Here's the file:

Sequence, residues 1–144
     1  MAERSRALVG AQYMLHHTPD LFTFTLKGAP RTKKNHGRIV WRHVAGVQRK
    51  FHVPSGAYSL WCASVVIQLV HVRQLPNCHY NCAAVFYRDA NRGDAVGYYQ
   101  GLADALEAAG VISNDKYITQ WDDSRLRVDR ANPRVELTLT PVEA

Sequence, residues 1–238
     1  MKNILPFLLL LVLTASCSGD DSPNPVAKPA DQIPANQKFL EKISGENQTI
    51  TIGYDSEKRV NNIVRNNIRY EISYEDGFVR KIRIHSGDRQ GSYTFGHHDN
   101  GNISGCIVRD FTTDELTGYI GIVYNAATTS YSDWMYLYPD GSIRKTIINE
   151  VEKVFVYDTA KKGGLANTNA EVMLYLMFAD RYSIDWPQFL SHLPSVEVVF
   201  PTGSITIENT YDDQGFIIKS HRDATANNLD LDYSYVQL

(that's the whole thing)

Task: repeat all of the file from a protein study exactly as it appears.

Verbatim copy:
Sequence, residues 1–144
     1  MAERSRALVG AQYMLHHTPD LFTFTLKGAP RTKKNHGRIV WRHVAGVQRK
    51  FHVPSGAYSL WCASVVIQLV HVRQLPNCHY NCAAVFYRDA NRGDAVGYYQ
   101  GLADALEAAG VISNDKYITQ WDDSRLRVDR ANPRVELTLT PVEA

Sequence, residues 1–238
     1  MKNILPFLLL LVLTASCSGD DSPNPVAKPA DQIPANQKFL EKISGENQTI
    51  TIGYDSEKRV NNIVRNNIRY EISYEDGFVR KIRIHSGDRQ GSYTFGHHDN
   101  GNISGCIVRD FTTDELTGYI GIVYNAATTS YSDWMYLYPD GSIRKTIINE
   151  VEKVFVYDTA KKGGLANTNA EVMLYLMFAD RYSIDWPQFL SHLPSVEVVF
   201  PTGSITIENT YDDQGFIIKS HRDATANNLD LDYSYVQL